Real Estate in the News – July 2017


Aspen Real Estate on the Rebound

As 2017 approaches its halfway mark, a strong sales rebound for Aspen following last year’s pre-election swoon is afoot, the Aspen Daily News reported. Downtown Aspen prices continue to climb and there seems no limit on demand for homes and condos within walking distance to the core, especially those with modern aesthetics, according to several recently published market analyses.

A recent report states that Aspen single-family home sales through April 2017 were $192 million; in 2016 for this same time period single family home sales totaled $57 million. Condo dollar sales in Aspen were up 11 percent year-over-year, $94 million through April 2017 as compared to $84 million through April 2016.

$22 Million Land Sale May Have Set Record

An 11-acre property on lower Red Mountain owned by the same family for more than a half century sold for $22 million, a price that may be the most expensive land sale ever for a single lot in Aspen, according to the Aspen Daily News.

The sale closed June 27 and includes 11.721 acres with a legal address of 101 American Lane, and a 6,600-square-foot, four-bedroom, five-bath home built in 1965 and improved in 1985.

It’s been the residence for more than 50 years of Houston socialite and Aspen Hall of Fame inductee Marian Rubey Lyeth Davis, whose family started Maxwell House Coffee, and her four children. Catherine Rubey, Karen Rubey, Robert Rubey and the late Tina Rubey Baar’s son were listed with Marian Rubey as the property’s former owners.

Hauenstein Elected to Council in Runoff Vote

Ward Hauenstein edged Torre by 29 votes to win Aspen City Council election, becoming the first candidate in recent memory to come from behind in a runoff, the Aspen Daily News reported.

Hauenstein, a longtime local who runs an IT consulting business, credited his victory, in which he overcame Torre’s 78-vote advantage in the May 2 first round of voting, to retail politicking. He said he spent the last few days calling registered voters who had not cast a ballot, trying to get people to the polls. It paid off with a narrow victory. His 928 votes represented 50.7 percent of the total turnout of 1,827 votes.

Aspen Increases Smoking Age from 18 to 21

Aspen City Council unanimously approved raising the age for tobacco sales from 18 to 21 — becoming the first city in the state to do so — in hopes of reducing the number of new smokers while preventing cigarettes from reaching the high school, the Aspen Daily News reported. The measure, which takes effect Jan. 1, requires any tobacco retailer to obtain a license. It also means the city will forgo about $75,000 per year in sales tax, since the state of Colorado will not remit a portion of the tax collected on cigarettes back to local communities that enact their own cigarette regulations.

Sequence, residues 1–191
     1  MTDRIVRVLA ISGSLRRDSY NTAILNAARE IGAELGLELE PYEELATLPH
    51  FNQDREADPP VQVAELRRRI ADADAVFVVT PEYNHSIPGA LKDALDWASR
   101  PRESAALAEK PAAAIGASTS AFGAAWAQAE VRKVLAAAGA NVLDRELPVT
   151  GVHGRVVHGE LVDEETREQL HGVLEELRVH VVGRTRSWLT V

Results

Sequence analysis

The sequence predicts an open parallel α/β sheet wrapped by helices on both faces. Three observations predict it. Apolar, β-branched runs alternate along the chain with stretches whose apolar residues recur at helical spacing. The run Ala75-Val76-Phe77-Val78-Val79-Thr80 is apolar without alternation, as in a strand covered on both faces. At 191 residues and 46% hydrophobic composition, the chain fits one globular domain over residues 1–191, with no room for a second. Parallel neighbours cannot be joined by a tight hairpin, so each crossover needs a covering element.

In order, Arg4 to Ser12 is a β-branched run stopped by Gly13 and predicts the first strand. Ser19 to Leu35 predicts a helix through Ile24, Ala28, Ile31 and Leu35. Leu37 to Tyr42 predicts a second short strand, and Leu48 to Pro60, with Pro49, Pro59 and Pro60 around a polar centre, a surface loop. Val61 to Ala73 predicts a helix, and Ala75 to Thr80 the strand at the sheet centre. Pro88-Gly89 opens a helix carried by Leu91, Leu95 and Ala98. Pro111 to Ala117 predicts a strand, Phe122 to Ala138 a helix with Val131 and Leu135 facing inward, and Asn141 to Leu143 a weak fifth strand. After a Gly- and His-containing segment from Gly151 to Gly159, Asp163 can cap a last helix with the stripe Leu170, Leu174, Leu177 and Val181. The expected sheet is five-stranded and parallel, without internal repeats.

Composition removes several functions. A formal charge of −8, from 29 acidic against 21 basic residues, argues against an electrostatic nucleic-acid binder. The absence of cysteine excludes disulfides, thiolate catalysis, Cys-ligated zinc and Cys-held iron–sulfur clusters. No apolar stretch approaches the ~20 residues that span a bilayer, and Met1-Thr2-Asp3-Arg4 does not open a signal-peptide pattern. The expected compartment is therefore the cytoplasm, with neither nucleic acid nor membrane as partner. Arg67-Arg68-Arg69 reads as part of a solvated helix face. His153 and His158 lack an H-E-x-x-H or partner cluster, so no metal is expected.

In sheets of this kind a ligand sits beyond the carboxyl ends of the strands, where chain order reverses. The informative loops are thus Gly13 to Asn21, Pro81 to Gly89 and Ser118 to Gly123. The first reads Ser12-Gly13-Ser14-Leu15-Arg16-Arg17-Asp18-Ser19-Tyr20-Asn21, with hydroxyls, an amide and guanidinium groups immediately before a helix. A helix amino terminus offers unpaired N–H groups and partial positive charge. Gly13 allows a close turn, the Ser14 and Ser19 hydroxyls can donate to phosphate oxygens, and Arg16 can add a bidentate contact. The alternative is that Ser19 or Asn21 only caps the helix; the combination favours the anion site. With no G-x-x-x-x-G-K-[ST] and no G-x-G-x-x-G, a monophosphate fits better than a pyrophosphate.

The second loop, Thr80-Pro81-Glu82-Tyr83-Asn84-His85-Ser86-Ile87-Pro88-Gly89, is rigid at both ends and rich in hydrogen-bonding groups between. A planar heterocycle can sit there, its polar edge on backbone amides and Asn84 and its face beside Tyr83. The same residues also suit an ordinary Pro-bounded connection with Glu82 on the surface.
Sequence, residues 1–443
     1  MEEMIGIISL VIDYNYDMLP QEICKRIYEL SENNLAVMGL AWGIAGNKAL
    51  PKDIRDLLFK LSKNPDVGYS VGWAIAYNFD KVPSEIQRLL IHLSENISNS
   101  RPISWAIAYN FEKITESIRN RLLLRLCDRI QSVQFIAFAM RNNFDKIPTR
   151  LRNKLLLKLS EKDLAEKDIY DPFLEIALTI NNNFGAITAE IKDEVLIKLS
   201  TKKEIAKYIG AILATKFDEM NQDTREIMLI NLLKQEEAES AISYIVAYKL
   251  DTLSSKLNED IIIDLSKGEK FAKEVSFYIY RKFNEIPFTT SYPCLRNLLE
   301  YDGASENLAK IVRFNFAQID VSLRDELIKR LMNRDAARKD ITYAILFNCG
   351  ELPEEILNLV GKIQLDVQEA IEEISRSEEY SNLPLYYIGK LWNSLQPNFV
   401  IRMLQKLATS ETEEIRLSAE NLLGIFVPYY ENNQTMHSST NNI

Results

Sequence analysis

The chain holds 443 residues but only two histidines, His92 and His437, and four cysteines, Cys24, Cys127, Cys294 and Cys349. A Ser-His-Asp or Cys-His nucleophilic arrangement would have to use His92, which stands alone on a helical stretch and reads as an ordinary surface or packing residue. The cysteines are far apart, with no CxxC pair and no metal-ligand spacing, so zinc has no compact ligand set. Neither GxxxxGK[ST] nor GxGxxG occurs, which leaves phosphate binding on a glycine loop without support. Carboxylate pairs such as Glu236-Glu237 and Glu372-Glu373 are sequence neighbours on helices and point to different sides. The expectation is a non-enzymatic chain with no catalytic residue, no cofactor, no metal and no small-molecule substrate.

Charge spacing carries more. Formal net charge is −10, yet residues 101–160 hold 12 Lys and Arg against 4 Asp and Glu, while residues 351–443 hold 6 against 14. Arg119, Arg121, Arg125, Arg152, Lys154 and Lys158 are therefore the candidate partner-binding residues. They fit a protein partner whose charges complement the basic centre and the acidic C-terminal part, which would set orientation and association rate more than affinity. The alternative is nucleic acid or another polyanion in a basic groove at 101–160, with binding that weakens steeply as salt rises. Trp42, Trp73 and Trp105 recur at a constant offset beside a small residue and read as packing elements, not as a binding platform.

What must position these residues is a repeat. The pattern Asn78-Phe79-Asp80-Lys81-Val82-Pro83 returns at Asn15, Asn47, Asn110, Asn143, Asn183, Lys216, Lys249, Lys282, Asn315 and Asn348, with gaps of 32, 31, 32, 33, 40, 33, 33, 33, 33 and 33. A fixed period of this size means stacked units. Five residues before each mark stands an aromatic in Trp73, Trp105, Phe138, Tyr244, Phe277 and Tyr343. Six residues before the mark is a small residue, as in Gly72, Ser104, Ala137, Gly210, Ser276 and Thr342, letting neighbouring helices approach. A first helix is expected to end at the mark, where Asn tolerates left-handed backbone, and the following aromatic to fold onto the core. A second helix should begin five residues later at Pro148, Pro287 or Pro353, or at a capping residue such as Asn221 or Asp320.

The measure applies to all tobacco products, including “electronic cigarettes,” which burn nicotine-infused concentrates instead of leaf tobacco. E-cigs are credited with reversing a decades-long decline in youth smoking over the past few years.

Boomerang Lodge Back on Board

The long-stalled Boomerang Lodge redevelopment project is under contract to a new buyer who wants to alter the proposed room configuration, among other changes, the Aspen Daily News reported.ME Aspen Ventures One, a corporation formed in February tied to Fairfield, N.J.-based Woodmont Properties, is under contract to purchase the lot and would like to amend the approved development plans that come with it. Development plans are for a 46,140-square-foot building containing 23 lodge units with 45 keys, five free market condos and two affordable housing units. The amended proposal reduces the number of units from 39 to 23, with plans to design lock-off, flexible-use units. The new owner is planning to bring in Two Roads Hospitality as operator of the redeveloped property. Two Roads is a new company resulting from the merger of Destination Hotels, which operates the Gant in Aspen, and Commune Hotels and Resorts.


SkiCo Gets Final Approval for Adventure Center
Aspen Skiing Co. secured final approval to build a summer adventure center at Snowmass Ski Area that will feature everything from a year-round alpine coaster ride to an expanded trail network for hiking and biking, the Aspen Times reported.

Skico is calling the adventure center the Lost Forest. In addition to the coaster and trails it will feature a canopy tour, challenge course and climbing wall. All components will open in summer 2018 on the Elk Camp section of the mountain. The Breathtaker Coaster — the only year-round element in the plan — will open in December.

Employee Housing Demand Continues to Grow

If Snowmass Village wants to satisfy its future workforce housing goals, it will need an additional 383 units, the Aspen Daily News reported. While that figure is actually lower than what was contained in the town’s 2010 Comprehensive Plan, which tapped the need at 474 more housing units, the idea of allowing that much development is stressing out some policymakers.

If each of the units average about 750 square feet, that could add a total of 270,000 square feet of development to the housing inventory. It’s close to a 90 percent increase over what’s been built to date.